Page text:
EU Spending Hundreds of Millions on Secret Drone Surveillance Projects

Statewatch.com — Feb 11, 2014

A new report Eurodrones Inc. exposes the substantial political and economic support given to the drone industry by European citizens without their knowledge and with little public scrutiny or consultation.

It traces how hundreds of millions of euros of taxpayers money has been granted in R&D subsidies and how drone policy is being driven almost entirely by the defence and security industry who seek to profit from it. Public and private interests have become so tightly intermingled that lobbyists have awarded prizes to numerous EU officials for their commitment to unmanned aircraft and the insertion of drones into civil airspace.

The 40,000 word report examines how:

● The EU’s drone policy has evolved into a coherent action plan to remove the regulatory and technical barriers that currently limit the flight of drones in civilian airspace;

● A €70 million budget line aimed at ensuring widespread civilian drone flight wasinserted into new EU legislation as “a politically driven priority” despite the fact thatthere has been no democratic debate on the issue;

● At least €315 million of EU research funding has been awarded to drone-based projects, many of which are subsidising Europe’s largest defence and security companies and are geared towards the development and enhancement of tools for border surveillance and law enforcement;

● At least a dozen public officials have received awards for their personal commitment to the integration of drones into civil airspace from industry lobby group UVS International;

● MEP Vittorio Prodi has told meetings organised by the European Commission about “the support of the European Parliament to the development of UAS [Unmanned Aerial Systems] for civil use”, even though the European Parliament has adopted no formal position on UAS;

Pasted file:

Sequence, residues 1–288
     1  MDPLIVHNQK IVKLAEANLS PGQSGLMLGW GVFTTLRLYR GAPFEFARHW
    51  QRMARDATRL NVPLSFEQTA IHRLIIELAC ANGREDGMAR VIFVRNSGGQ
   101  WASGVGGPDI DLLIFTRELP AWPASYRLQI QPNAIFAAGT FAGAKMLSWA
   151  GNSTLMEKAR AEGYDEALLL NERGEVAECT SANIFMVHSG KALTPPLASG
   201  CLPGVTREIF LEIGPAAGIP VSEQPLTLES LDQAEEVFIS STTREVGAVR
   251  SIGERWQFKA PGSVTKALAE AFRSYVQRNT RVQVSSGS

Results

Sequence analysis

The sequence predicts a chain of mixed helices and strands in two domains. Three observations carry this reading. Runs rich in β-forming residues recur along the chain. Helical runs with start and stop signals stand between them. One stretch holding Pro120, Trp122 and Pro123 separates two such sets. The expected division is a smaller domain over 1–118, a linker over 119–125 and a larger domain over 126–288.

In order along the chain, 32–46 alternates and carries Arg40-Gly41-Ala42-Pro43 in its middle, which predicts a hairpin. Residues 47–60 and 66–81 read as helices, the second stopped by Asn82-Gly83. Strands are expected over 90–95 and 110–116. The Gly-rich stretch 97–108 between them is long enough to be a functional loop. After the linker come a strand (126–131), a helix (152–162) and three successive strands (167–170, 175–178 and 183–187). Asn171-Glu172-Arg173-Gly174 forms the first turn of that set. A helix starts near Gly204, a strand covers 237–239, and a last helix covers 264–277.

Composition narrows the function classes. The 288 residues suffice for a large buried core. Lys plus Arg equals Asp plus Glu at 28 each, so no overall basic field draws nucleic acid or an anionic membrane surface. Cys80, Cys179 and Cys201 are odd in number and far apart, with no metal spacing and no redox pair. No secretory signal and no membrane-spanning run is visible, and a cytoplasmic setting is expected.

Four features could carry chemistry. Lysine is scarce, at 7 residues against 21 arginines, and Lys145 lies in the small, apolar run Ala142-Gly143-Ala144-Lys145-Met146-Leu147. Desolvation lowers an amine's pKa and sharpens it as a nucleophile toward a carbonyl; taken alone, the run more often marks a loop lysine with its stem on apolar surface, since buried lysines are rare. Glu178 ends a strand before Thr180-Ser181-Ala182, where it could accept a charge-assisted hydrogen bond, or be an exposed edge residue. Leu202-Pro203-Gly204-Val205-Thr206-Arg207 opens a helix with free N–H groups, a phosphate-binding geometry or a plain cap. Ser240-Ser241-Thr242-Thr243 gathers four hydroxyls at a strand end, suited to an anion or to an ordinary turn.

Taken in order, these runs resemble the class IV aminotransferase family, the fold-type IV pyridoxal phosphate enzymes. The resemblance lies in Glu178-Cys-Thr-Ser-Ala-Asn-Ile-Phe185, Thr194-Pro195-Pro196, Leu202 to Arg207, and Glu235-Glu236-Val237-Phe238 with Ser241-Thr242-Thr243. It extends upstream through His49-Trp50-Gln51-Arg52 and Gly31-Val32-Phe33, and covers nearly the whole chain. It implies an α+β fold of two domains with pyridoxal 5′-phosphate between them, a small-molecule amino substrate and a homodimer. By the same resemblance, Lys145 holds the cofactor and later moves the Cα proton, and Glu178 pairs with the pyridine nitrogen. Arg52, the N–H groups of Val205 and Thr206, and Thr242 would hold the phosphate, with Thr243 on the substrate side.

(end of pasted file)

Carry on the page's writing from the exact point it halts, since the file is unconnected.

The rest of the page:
● The EU’s own plans mirror a wider global aerospace ‘roadmap’ drawn up in an entirely technocratic manner by the International Civil Aviation Organisation (ICAO) and which aims to ensure regular civilian drone flight by 2028, globally; and

● The EU and US have signed a formal agreement that commits them to cooperating on the integration of drones into civil airspace and the harmonisation of air traffic management systems.

The report also looks at the ways in which:

● The European Defence Agency has put significant research funding into drone technology and is encouraging the development of military drones, in particular through a new European Medium Altitude Long Endurance (MALE) drone project run by seven EU member states;

● Drones are seen as beneficial to Europe’s plans for immigration control and may become a key tool of both Frontex, the EU’s border agency (which has paid for demonstrations of Israeli drones described as the “ultimate solution for Over The Hill reconnaissance missions, Low Intensity Conflicts and Urban warfare operations”) and a key component of EUROSUR, the European Border Surveillance System, which seeks to utilise drones along with other sensors, radars, and satellite imagery for the control of Europe’s borders